Directors: Éric Summer and Éric Warin
Cast: The voices of Elle Fanning, Nat Wolff, Maddie Ziegler, Carly Rae Jespen, Terence Scammel, Julie Khaner, Mel Brooks, Kate McKinnon
MPAA Rating: (for some impolite humor, and action)
Running Time: 1:29
Release Date: 8/25/17
Review by Mark Dujsik | August 24, 2017
Very little thought was put into Leap!, which plays like one of those rush jobs that studios put together to cash in on some fad. The subject is ballet, which is not a fad by any stretch of the meaning of that word, obviously. At a certain point while watching this pieced-together animated movie, one begins to wonder if the dance form has gained some sudden increase in popularity with kids in either Canada or France, the countries that co-produced the movie. That might explain why it barely has a story, contains characters that neither do much nor possess much personality, and is animated with such imprecision that it appears most of the dialogue was dubbed in post-production (This is true in a few cases, but most of the vocal cast remains the same from its English-language Canadian release).
The more likely possibility is that the movie is just another of those quickly produced animated movies that tries to take advantage of the fact that animated movies can make some easy money. The kids of the world might not be riding some heretofore unknown ballet craze, but they'll likely have some interest at least in an animated movie about an orphaned girl following her dreams of becoming a dancer to Paris.
In case that seems too "girly" of a thing, the screenplay by Carol Noble, Laurent Zeitoun, and co-director Éric Summer includes a boy who likes to invent things. If such gender stereotypes sound a bit sexist, I must emphasize here that I'm only reporting what's in the movie at this point. It's the filmmakers who appear to have calculated how much of the "girly" stuff is too much before the boys lose interest (This idea is doubled-down upon in the U.S. release, which changes the already generic original title Ballerina to its new, more generic, and completely non-specific one).
This means that an entire subplot in the movie is essentially useless, but hey, what does that matter when there's an entire demographic that the filmmakers figure won't have any interest in an art that has been around in one form or another for six centuries? It's unlikely that the movie would have been any better without the story's male counterpart, but at least the narrative might have had a bit more focus.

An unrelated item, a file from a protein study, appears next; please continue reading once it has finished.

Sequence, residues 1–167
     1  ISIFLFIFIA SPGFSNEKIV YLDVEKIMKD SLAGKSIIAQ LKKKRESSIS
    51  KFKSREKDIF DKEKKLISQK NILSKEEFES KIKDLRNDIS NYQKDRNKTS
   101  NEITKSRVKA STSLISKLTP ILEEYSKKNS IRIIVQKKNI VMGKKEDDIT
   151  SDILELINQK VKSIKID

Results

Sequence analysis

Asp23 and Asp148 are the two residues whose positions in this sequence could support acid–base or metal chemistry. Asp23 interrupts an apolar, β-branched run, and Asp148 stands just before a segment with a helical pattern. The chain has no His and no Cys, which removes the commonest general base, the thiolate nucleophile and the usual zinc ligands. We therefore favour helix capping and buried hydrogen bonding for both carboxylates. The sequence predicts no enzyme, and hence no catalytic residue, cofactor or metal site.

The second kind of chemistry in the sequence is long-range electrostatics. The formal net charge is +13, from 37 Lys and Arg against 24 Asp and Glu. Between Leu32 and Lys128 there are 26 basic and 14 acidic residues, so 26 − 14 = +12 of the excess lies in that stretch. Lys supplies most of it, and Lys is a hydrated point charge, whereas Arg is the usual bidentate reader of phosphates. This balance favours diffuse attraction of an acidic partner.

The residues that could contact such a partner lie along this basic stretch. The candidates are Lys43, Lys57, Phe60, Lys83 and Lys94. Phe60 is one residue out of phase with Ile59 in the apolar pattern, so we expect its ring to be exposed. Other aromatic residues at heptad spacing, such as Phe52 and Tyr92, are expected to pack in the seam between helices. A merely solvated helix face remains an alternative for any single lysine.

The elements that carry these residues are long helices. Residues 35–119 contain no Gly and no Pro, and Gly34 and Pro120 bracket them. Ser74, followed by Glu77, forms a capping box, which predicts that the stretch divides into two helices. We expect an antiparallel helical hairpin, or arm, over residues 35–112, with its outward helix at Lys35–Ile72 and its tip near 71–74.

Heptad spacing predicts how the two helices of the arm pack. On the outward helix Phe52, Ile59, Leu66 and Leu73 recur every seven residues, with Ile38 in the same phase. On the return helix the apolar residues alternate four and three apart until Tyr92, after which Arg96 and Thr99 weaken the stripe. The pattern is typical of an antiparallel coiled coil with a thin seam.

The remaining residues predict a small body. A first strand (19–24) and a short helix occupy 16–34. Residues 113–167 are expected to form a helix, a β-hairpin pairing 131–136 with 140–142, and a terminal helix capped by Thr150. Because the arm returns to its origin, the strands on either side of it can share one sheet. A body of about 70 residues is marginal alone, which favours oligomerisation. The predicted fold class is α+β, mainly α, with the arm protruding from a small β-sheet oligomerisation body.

The girl is Felicie (voice of Elle Fanning), an orphan living in France in the late 19th century. Since she was a baby, Felicie has been raised in an orphanage in Brittany. The boy is Victor (voice of Nat Wolff), another orphan there. The two want to escape and seek out their respective dreams in Paris. They do one night, with the help of Victor's latest—and, apparently, only—invention: a pair of wings inspired by a chicken (Victor tests Felicie's protestation that chickens can't fly by tossing the fowl off the roof).
In Paris, Felicie finds the ballet school at the Paris Opera and is enthralled by a professional ballerina's rehearsal. After meeting and helping Odette (voice of Carly Rae Jespen), who does cleaning for a wealthy family in the city, Felicie steals the identity of the family's snobbish daughter Camille (voice of Maddie Ziegler) in order to become a student of the dance academy.
The plot involves Felicie's day-by-day auditions to appear in a production of The Nutcracker, choreographed by the academy's ballet instructor Mérante (voice of Terence Scammel). The teacher cuts a young dancer each day, and Felicie learns proper technique from Odette, who was a major ballet dancer until an unspecified accident.
What's Victor doing this whole time? Well, to be frank, he's not doing anything, except working off-screen for Gustave Eiffel, who's building the tower that shares his name, and waiting in the wings for the moments when he can be an awkward romantic interest and save the day during the story's discordantly threatening climax (The villain here knocks Victor over the head with a wrench and goes after Felicie with a sledgehammer). It's strange that the filmmakers don't hide the fact that Victor is here simply so the movie can appeal to a certain section of the audience. It's even stranger that they make him the ultimate hero in a story that has nothing to do with him.
There's not much else to say, except that the story is formulaic, the dancing is unimpressively animated, and the pop song-infused soundtrack runs counter to the dance form the movie is supposedly celebrating. Basically, Leap! is routine and dull.
Copyright © 2017 by Mark Dujsik. All rights reserved.
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